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intel atom c2000 rangeley processor

Our year long investigation through 2017 reveals difficulty and complexity obtaining support from the manufacturers of mission critical devices using the faulty Intel chip.

 

The Story to Date

In early 2017, Intel and their OEM partners announced that the Atom C2000 processor, codenamed Rangeley, which is intended for networking devices of the SMB to Enterprise Networking market contained a bug in its silicon which affected the chip’s ability to start up correctly due to a weak clock si

gnal bus line. This problem was terminal and only rectified either with a hardware fix or a new stepping of these chips with the issue corrected in silicon.

Rangeley is a system on a chip package that integrates Intel’s low power Compute Cores, platform chipset and Multiple Gigabit Networking. The typical applications are in Network Attached Storage (NAS), Networking Switches, routers and Micro servers. It was first launched in 2013-4 and since it uses the Silvermont architecture based CPU cores as used in Intel’s low power ‘Baytrail’ chips that are used in low power PCs and tablets and not Intel’s high power mainline Core I series architecture, the market segment for this chip meant it had an extremely long life-cycle. Part of the purpose of the new Rangeley Atom C series chips was to replace older embedded Intel and even AMD and non x86 chips used in previous generation products.

Intel’s remedy in early 2017 was to compensate its OEM partners for the faulty parts and warranty repairs. Each OEM instigated its own program to repair faulty customer devices and subsequently changed its manufacturing to use Intel’s newer fixed version of the processor. 

Devices fail all the time and are covered by warranty and this is not the first time Intel has declared a major errata with its chipsets. Note I said declared and not a recall. Intel has not recalled product for many years as recalls have legal ramifications and frameworks in 1st world developed countries.  TO the best of my knowledge, Intel’s last global recall was for its flawed 820 chipset for the Pentium III in the year 2000. Anything since has been errata notices and for significant issues affecting large numbers of chips in the field, Intel has setup a compensation fund or budget for the benefit of its OEM partners.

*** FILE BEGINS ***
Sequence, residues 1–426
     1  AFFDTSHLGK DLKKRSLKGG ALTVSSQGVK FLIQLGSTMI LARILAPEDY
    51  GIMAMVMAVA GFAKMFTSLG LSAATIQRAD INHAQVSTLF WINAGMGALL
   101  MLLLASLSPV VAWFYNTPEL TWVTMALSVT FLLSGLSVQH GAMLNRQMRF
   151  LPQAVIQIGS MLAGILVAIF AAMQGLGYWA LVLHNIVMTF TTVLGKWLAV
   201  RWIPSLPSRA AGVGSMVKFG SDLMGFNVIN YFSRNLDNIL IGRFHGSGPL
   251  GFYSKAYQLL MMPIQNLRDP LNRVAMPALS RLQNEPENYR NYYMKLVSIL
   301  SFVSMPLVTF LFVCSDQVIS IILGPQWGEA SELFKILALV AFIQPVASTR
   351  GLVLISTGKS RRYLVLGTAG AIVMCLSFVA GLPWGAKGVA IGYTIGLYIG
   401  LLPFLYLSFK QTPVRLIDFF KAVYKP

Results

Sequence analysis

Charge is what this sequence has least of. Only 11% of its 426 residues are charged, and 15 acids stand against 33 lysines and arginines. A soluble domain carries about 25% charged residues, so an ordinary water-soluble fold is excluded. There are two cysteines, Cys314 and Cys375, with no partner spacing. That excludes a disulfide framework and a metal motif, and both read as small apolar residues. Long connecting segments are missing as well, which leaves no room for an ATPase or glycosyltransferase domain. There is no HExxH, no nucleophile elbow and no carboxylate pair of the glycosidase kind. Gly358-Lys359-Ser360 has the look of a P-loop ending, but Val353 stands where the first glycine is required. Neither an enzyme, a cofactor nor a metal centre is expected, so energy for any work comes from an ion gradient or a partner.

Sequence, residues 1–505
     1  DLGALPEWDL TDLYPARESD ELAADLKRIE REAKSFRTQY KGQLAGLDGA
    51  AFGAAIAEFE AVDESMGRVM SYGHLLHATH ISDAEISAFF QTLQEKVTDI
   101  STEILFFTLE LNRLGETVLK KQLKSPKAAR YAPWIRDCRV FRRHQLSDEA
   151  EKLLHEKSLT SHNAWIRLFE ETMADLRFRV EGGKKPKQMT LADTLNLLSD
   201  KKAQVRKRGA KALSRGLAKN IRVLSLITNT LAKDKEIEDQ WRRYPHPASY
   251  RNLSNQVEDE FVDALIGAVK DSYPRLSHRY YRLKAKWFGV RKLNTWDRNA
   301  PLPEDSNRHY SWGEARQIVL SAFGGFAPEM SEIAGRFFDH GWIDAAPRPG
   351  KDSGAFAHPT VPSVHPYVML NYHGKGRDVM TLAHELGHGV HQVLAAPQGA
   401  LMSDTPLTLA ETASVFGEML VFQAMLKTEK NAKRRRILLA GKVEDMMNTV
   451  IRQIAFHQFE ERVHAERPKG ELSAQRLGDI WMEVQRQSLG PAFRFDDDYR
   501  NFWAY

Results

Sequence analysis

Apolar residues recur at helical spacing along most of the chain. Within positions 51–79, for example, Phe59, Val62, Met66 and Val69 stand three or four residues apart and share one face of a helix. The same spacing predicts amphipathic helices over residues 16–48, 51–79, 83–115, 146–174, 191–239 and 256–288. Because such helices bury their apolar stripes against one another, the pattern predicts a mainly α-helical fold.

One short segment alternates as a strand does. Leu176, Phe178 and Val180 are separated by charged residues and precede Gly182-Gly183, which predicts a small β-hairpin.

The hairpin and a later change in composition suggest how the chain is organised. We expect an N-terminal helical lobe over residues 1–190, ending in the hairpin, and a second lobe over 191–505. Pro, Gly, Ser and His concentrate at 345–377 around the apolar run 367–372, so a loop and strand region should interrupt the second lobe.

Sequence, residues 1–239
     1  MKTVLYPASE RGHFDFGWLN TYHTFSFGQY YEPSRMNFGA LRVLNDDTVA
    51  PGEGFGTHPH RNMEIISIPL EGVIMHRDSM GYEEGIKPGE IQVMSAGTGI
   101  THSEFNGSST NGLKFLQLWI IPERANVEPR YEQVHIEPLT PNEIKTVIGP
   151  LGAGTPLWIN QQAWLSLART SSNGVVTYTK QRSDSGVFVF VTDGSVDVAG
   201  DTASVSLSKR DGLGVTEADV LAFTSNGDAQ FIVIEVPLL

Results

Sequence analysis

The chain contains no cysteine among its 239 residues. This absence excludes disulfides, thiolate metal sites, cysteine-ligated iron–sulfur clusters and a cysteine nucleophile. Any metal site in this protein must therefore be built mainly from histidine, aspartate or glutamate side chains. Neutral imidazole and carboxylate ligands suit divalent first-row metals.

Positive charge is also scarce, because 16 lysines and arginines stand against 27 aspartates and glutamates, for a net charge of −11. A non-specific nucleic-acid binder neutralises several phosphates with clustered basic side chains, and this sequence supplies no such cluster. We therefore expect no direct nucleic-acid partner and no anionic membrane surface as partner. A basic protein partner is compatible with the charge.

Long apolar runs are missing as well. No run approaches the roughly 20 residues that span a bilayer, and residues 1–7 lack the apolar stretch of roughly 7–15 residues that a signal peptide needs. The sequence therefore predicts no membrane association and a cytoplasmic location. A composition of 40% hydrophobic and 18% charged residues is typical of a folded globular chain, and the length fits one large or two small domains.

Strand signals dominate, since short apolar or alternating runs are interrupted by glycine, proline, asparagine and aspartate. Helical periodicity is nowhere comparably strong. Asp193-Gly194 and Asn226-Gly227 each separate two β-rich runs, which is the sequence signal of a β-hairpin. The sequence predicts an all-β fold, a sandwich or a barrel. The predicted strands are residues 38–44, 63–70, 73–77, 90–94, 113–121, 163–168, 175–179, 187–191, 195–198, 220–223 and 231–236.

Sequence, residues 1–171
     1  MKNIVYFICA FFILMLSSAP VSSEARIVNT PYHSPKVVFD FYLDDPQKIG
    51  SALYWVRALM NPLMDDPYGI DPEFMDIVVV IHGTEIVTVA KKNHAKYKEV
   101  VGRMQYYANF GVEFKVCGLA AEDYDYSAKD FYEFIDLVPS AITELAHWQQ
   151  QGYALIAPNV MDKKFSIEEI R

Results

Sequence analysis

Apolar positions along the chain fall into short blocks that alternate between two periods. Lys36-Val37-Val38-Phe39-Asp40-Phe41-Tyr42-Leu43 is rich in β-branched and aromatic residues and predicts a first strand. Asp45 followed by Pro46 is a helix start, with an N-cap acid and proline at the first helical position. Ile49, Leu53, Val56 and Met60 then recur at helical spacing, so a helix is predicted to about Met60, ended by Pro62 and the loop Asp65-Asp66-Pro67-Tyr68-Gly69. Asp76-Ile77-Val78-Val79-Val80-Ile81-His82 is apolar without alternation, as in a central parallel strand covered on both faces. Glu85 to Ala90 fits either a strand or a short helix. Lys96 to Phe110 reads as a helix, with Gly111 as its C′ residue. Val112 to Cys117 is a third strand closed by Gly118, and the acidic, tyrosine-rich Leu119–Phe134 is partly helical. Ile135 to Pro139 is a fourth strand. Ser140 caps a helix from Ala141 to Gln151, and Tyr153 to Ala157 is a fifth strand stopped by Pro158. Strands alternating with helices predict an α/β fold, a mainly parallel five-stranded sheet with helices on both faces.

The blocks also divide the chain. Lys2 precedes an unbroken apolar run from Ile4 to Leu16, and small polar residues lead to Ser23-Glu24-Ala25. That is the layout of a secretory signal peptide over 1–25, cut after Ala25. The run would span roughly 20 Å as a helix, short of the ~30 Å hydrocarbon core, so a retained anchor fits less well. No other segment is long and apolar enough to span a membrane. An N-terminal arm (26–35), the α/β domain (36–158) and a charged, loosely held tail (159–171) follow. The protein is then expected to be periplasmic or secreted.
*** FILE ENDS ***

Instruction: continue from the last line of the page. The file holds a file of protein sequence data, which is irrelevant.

Past significant errata in recent years have been the 6-series platform chipset from 2011 for 2nd Generation Core Processors which had faulty SATA ports that deteriorated over time and the 8-series platform chipset from 2013 for 4th Generation Core Processors which had buggy USB 3.0 ports

No silicon chip design is perfect and almost all designs ever created have bugs known as ‘errata’, which are ‘minor’ known issues in the circuit design of the chip that are documented by the manufacturer which either will be fixed in a future version of the chip or able to be worked around with a hardware/software/firmware fix or not being able to worked around at all. I will emphasis this, errata are a natural part of the semiconductor landscape.

Electronic devices fail all the time and may be fixed under warranty, so what makes Rangeley so different this time and what’s the big deal? The answer is quite simple. The chip is used in some mission critical devices and the owners of these devices can’t afford for these devices to fail, both from an operations and a financial point of view.

Consumer devices are covered by a limited warranty and in some regions such as Australia, additional consumer protection rights apply outside of the manufacturers defined warranty period 

Enterprise class devices, especially networking appliances are typically only covered by paid support contracts of varying level. Should a user need their device repaired or want access to ongoing software updates, the procedure is to keep the device under such contract mainly due to the items high cost of replacement.

This is where things got ugly in early 2017.

Rangeley is used in Cisco Security appliances such as the popular ubiquitous ASA-5506X, in Dell S-Series 10/40GbE top-of-rack open networking switches, in business NAS boxes from QNAP, Netgear, Seagate and Lacie as well as micro PCs and routers from Netgate and Fortinet and many other industrial routers and compute boards from a number of niche vendors.

When this news broke, IT news publications of repute reported on the issue and the initial set of vendors who had instigated repair and replacement programs, especially Cisco’s where the mass of faulty devices and introduction of a return program and support note informing users of the issue and to swap out their devices under support.